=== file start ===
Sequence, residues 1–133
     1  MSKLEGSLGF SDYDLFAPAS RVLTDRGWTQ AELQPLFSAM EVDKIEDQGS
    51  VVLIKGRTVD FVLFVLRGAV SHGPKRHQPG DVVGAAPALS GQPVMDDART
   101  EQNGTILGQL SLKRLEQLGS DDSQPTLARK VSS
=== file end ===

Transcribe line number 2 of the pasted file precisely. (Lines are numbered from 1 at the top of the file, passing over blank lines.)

     1  MSKLEGSLGF SDYDLFAPAS RVLTDRGWTQ AELQPLFSAM EVDKIEDQGS